Design meets open data
Smarter Cities Challenge helps Helsinki citizens benefit from open data
"The people of Helsinki see democracy as a top priority—alongside design, of course" stated Peter Bak, scientist at IBM Research – Haifa, and one of six IBMers who just returned from participating in the Smarter Cities Challenge for Helsinki. "Open data is a basic necessity for democracy because it means that any citizen has the right to access data held by the government."
But the real question was: how could Bak and his colleagues use their expertise in information sharing, design, and visualization to help city officials make information more publicly accessible to the people of Helsinki?
"Open data, visualization and design—this was the magic blend we were looking for" noted Avi Yaeli, another Haifa researcher who was part of the Helsinki team. "Finding ourselves in the world design capital was a great place to start exploring how we could use visualization to turn data into information, which in turn will spark a public conversation that can bring about change."
A peak into Helsinki
IBM's Smarter Cities Challenge sent a team of six experts to Helsinki with the ultimate mission of providing recommendations on how visualization can be used to make the city's open data publicly available—thereby enhancing citizen participation and democracy. For Helsinki, openness means transparency, global responsibility, and innovation—expressed through design.
The capital of Finland, Helsinki is home to about half a million citizens. A total of about one million residents live in the greater Helsinki area, which includes Helsinki, Espoo, Kauniainien, and Vantaa. Historically, Finland was part of Sweden and was an autonomous Grand Duchy within the Russian Empire from 1809 to 1917. It has been part of the European Union since 1995.
Bak and Yaeli, both researchers from IBM's lab in Haifa, Israel, were selected for their experience in visualization and open data. Bak is an expert in information visualization and visual analytics with a special focus on geographic movement data. He develops interactive exploration and analytic tools for experts in fields like transportation and logistics. Yaeli is an expert on Gov2.0 and open linked data, and is currently involved in the development of a scientific open data infrastructure for the EU. His work also focuses on the consumption of open data for visualization and analytics.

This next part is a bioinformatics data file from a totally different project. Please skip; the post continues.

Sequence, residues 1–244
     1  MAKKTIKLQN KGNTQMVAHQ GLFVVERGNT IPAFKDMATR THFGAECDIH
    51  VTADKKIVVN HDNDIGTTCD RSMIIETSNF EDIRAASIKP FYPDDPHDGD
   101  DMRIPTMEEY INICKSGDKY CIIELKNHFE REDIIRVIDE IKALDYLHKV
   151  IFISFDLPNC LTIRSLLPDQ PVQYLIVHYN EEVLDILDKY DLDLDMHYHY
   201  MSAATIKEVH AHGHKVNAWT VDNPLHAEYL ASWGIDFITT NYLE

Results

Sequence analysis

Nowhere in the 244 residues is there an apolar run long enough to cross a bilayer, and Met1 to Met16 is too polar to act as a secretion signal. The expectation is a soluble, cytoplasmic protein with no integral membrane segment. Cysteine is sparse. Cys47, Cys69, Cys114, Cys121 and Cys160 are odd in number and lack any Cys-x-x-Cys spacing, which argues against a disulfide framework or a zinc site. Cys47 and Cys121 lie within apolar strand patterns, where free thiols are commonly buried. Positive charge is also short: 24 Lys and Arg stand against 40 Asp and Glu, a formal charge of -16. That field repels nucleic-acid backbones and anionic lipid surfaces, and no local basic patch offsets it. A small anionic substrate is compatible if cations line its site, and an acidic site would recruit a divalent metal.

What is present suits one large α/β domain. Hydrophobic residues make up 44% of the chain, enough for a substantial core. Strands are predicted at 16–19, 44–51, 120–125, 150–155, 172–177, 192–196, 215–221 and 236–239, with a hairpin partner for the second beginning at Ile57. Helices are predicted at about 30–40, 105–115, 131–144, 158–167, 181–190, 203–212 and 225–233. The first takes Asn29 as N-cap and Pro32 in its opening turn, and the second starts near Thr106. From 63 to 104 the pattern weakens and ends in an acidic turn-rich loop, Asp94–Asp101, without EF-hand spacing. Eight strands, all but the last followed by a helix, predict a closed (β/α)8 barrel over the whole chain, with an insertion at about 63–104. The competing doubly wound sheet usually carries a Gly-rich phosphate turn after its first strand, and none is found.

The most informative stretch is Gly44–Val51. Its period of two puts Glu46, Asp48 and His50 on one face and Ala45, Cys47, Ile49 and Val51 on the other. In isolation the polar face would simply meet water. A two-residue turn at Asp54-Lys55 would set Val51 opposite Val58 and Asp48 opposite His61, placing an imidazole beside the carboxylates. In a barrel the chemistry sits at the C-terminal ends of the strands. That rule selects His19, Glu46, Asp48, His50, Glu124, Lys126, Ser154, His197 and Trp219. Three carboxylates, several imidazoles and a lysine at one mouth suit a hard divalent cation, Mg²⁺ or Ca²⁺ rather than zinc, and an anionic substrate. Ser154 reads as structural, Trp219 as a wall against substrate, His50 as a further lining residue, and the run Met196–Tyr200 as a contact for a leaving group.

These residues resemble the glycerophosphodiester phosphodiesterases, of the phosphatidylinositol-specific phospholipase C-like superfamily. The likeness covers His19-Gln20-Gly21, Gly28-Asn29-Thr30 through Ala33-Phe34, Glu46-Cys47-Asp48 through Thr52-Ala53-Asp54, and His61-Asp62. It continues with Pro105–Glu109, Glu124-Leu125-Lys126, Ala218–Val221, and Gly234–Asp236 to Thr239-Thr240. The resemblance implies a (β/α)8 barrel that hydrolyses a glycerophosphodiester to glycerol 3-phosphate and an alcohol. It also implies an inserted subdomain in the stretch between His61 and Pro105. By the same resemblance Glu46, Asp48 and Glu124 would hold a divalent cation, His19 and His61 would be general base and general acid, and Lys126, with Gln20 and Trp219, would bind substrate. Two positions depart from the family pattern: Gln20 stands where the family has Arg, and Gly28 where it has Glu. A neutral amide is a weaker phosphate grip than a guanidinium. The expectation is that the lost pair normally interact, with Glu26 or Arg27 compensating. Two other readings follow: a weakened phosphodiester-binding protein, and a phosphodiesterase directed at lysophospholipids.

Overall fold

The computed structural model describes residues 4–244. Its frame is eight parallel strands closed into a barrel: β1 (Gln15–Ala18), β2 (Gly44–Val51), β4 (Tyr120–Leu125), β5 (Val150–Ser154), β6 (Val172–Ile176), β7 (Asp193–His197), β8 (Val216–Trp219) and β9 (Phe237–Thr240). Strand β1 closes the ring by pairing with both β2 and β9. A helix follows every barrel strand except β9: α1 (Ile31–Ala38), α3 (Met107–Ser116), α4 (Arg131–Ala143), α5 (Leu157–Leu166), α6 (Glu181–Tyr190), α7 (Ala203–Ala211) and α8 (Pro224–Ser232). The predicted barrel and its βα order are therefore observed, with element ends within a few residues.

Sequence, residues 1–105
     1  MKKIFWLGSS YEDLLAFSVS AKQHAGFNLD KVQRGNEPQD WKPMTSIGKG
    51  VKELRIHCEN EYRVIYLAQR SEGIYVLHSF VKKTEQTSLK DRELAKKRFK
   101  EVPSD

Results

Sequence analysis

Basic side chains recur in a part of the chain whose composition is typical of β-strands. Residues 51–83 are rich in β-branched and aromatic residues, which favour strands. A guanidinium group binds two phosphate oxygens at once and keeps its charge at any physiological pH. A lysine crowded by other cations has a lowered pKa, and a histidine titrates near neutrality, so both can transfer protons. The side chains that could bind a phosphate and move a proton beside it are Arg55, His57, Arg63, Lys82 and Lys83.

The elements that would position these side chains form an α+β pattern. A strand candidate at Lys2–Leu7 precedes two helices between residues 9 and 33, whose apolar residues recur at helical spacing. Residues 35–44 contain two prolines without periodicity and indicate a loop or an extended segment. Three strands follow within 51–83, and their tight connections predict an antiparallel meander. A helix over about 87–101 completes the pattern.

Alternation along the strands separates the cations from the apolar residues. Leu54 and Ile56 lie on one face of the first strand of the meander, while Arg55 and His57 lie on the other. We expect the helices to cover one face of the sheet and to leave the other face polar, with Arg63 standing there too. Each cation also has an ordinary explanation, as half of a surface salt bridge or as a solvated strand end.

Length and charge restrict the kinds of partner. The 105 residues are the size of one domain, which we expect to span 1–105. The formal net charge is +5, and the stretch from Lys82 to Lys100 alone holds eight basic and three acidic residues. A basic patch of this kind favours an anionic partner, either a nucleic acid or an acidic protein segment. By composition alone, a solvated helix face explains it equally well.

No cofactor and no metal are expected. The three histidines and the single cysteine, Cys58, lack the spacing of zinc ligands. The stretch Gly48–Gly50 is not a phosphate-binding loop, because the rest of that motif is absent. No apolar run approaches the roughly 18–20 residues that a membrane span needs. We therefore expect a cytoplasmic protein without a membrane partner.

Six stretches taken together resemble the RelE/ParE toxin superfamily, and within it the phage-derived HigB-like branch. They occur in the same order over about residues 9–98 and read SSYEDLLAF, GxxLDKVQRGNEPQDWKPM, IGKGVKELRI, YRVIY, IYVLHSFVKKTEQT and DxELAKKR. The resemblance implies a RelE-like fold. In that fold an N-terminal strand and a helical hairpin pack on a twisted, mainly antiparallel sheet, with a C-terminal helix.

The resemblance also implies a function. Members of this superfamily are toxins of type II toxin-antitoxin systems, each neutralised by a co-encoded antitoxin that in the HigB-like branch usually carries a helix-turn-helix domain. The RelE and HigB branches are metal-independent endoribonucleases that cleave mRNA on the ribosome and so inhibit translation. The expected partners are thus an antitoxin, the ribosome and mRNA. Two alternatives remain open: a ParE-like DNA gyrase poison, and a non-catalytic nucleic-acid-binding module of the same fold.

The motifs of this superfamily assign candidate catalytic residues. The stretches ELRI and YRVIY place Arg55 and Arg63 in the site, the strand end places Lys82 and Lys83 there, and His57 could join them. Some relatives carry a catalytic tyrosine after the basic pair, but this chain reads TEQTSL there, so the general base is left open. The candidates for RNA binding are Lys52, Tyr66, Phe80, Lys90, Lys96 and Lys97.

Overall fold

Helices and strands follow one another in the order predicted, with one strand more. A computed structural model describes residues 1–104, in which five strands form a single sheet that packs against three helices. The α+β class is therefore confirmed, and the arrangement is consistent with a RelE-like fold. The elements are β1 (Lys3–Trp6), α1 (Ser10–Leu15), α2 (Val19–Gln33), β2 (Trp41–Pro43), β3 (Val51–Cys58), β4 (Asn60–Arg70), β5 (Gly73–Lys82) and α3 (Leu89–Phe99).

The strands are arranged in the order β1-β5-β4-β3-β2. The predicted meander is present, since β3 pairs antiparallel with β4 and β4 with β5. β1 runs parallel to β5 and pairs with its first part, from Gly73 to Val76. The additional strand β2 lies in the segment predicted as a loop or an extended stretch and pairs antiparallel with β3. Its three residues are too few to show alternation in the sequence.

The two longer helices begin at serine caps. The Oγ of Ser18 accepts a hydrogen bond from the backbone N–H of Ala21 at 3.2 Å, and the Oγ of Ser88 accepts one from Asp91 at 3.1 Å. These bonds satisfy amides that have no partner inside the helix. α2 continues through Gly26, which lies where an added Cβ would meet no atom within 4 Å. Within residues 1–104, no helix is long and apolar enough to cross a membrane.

"We had lots of meetings, lots of saunas, and of course, lots of food," laughed Bak. He went on to explain that the sauna is where people gather to talk and relax, but that's also where the important decisions are made. After meeting with the mayor and with local designers, the team got down to heavy duty brainstorming in the 'war rooms' at the hotel.
Bringing about change through openness
Open data refers to the free access and reuse of government data—but does not include private information like personal medical data, or other sensitive information. The concept of establishing a portal for open data is fairly new. The US and the UK have been championing this idea for a while, and many other countries are following, so citizens can start benefitting.
The IBM team was confident they could make the data accessible to citizens through visualizations. Their ultimate goal was to provide the mayor and city hall with examples of how turning data into visual information could express an idea and ultimately encourage citizen engagement.
After three weeks of intense work, the team produced a final report with specific recommendations on how the city could grow a sustainable ecosystem for open data, and how visualization can be used to turn data into information into action and drive citizen engagement. Just a few concrete examples include using symbols like a tree to explain how the budget is divided up, projecting the city's consumption of electricity onto a building's facade, or using touch screens to get feedback in places where people congregate.
"We started off with boring looking data," explained Yaeli. "But when you can take the data and transform it into a visual story that helps people discover and understand new ideas, it's an exciting way to get citizens involved."